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December Financial Aid College Planning


Getting into the college of choice might weigh heavily on your mind at the moment but the odds are that the prospect of affording college costs looms even larger. And, if financial aid is critical to your ability to attend that college—or any college for that matter—now is the time to get organized around the possibilities. The following tips are intended to help bring order to the financial aid application process.

1. Understand the five sources of funding for college. The first source is—no surprise—the student’s family. The second and third are the federal and state governments in amounts that can total more than $10,000 (grants, loans and work study) per year. Colleges then can choose to offer assistance that addresses the difference between the total cost of attendance and the combined resources coming from the family and the state/federal governments. The fifth source of funding involves service organizations and places of employment that offer scholarships. After the “expected family contribution,” each source is integral to the overall financial support you might receive.

2. Familiarize yourself with the required forms and deadlines. Funding from sources beyond the family won’t just appear because you need it. You’ll need to complete the (FAFSA) Free Application for Federal Student Aid to determine your eligibility (“Expected Family Contribution” or “EFC”) for federal, state and, in many cases, institutional funding. Plan to complete the FAFSA as soon after January 1, 2012 as possible. Many private institutions require the (CSS Profile) College Scholarship Service Profile as well. This should be completed as soon as possible.  Some colleges also require the completion of their own forms. Make sure you know the forms that are required for each college and submit them at the earliest possible date. Waiting until the admission decisions are known to begin the financial aid process is extremely risky as most institutions “spend down” their financial aid budgets as they proceed through the selection process.

3. Discuss cost/affordability at home. Communication about cost and affordability at home is critical to good decision-making. Make sure everyone is on the same page with regard to how much you are able/willing to spend on a college education. This “ounce of prevention” can help to avert stressful conversations about paying for college at the end of the process.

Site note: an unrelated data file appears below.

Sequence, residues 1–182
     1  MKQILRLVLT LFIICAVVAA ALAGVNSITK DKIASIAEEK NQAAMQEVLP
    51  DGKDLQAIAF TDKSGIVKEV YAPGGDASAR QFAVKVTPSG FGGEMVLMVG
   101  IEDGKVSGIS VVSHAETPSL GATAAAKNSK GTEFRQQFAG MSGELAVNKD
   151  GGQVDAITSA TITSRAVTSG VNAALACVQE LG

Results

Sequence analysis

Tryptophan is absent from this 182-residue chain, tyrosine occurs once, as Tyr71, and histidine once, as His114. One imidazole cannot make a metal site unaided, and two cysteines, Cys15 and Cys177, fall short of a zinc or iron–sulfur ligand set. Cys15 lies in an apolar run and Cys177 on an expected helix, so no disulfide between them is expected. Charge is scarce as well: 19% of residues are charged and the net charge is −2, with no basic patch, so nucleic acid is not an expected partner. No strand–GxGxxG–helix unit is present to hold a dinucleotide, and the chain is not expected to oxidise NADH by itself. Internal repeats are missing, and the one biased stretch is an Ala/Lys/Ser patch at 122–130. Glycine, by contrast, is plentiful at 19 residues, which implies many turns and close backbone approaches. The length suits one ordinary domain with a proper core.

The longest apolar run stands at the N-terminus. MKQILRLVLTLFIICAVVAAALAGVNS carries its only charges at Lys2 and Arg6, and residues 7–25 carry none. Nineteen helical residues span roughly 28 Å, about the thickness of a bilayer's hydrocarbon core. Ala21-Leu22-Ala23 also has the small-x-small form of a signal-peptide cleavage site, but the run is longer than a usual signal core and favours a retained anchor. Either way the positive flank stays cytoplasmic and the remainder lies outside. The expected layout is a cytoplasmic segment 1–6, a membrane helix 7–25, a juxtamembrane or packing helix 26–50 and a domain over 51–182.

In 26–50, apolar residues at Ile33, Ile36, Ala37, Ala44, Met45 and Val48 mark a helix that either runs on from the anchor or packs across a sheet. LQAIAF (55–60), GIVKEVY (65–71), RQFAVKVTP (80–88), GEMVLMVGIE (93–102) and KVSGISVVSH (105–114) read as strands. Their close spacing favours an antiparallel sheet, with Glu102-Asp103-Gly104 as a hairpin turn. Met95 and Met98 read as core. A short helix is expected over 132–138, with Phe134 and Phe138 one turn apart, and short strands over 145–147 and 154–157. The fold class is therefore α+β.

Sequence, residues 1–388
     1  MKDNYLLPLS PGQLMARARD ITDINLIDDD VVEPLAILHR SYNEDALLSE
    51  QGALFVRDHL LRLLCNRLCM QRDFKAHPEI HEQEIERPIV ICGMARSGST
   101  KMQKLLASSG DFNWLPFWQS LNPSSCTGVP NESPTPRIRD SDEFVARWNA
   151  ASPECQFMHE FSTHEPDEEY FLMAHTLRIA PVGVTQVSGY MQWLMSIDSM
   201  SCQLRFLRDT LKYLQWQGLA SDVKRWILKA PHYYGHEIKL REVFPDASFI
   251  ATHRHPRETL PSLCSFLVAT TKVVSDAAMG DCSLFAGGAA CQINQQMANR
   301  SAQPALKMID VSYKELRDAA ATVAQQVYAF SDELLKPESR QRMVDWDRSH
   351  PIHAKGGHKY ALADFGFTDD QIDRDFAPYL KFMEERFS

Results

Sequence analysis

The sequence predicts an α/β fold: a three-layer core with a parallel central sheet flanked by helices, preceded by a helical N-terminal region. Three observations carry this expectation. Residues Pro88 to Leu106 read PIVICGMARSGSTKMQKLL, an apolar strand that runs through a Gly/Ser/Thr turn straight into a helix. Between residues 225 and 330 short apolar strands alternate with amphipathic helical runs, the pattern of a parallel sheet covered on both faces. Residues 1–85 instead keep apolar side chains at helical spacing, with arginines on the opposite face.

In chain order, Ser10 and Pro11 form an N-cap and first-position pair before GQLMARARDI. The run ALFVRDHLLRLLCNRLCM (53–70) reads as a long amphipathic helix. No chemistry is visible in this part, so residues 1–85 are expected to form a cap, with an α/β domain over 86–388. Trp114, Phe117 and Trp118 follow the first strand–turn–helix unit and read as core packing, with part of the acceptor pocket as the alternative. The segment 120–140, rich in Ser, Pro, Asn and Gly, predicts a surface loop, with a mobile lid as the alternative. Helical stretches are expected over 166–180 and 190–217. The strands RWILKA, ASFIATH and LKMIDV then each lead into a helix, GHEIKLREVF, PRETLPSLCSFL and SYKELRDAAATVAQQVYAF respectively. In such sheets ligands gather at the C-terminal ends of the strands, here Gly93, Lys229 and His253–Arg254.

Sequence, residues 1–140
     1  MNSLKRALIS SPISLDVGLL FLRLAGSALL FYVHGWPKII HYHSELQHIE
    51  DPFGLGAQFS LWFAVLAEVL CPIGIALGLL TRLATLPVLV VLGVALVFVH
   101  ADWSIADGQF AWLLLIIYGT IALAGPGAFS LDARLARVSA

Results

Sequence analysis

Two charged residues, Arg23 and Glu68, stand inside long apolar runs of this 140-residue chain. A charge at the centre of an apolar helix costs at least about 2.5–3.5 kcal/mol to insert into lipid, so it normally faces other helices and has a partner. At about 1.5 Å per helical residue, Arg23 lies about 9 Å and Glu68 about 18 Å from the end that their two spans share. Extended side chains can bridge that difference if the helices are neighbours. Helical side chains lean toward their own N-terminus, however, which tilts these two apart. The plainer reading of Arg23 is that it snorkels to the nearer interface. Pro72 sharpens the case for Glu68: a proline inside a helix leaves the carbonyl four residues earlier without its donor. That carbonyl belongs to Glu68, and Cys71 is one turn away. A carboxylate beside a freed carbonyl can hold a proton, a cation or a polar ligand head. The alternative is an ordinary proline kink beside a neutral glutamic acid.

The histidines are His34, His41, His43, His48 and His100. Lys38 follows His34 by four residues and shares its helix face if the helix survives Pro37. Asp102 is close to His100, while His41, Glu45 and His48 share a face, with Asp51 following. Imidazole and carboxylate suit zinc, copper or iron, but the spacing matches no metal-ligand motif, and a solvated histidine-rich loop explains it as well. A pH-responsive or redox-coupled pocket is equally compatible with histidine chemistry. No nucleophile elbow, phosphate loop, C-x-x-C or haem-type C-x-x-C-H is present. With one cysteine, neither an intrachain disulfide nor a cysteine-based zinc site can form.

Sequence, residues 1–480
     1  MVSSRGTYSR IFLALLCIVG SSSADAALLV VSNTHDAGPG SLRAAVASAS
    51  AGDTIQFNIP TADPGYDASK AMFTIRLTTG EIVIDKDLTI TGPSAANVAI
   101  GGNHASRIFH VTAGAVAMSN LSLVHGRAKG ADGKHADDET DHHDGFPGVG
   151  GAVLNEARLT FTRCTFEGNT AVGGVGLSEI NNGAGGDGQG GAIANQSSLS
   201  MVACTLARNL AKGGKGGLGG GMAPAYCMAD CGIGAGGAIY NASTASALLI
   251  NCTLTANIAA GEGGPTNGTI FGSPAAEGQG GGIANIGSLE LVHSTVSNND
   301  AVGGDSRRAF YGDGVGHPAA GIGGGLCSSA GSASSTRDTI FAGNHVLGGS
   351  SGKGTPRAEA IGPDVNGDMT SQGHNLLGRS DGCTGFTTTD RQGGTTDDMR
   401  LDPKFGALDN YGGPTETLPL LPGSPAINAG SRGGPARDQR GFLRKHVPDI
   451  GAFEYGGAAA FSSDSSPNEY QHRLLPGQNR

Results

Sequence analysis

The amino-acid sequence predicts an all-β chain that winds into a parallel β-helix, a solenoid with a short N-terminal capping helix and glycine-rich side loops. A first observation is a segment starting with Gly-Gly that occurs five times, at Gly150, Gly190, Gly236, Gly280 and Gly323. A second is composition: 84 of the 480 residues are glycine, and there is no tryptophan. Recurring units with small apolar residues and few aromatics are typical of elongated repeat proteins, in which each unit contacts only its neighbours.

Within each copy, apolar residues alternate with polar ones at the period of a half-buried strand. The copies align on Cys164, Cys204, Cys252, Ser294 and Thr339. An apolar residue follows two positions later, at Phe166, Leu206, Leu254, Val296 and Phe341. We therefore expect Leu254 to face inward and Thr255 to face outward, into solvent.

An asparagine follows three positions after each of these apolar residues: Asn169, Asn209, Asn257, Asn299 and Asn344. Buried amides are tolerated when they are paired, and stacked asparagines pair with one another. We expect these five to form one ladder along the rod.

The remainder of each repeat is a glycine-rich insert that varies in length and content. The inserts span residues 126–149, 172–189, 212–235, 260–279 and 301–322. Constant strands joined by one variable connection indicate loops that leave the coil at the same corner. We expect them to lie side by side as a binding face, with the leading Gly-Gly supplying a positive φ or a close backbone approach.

4. Manage expectations. Know where your credentials will be most competitive and set your (college) expectations accordingly. Hundreds of millions of financial aid dollars will be awarded each year—and they will go to the students who are valued most at the institutions in question.

5. Be wary of online forecasters. For that matter, be wary of any service that suggests it can optimize your financial aid potential. While parameters for determining financial need seem to be predictable, the processes of admitting students and awarding financial aid are heavily nuanced across institutions. For example, colleges will engage in subjective practices such as differential needs analysis (using the methodology, either FAFSA or Profile, that allows them to justify the award they want to make) and preferential packaging (putting together different amounts of grant, loan and work study that reflect the value attached to a given candidate) to leverage the enrollments of students they want the most. As a result, online forecasters, including the net price calculators found on college websites, rarely provide an accurate picture of your likely out-of pocket expenses should you be admitted.

Excerpts from The Admission Game Peter Van Buskirk

Associate Member, IECA

College Resource Center, LLC

CSU Cunningham Center

3100 Gentian Blvd., Suite 001A

Columbus, GA 31907


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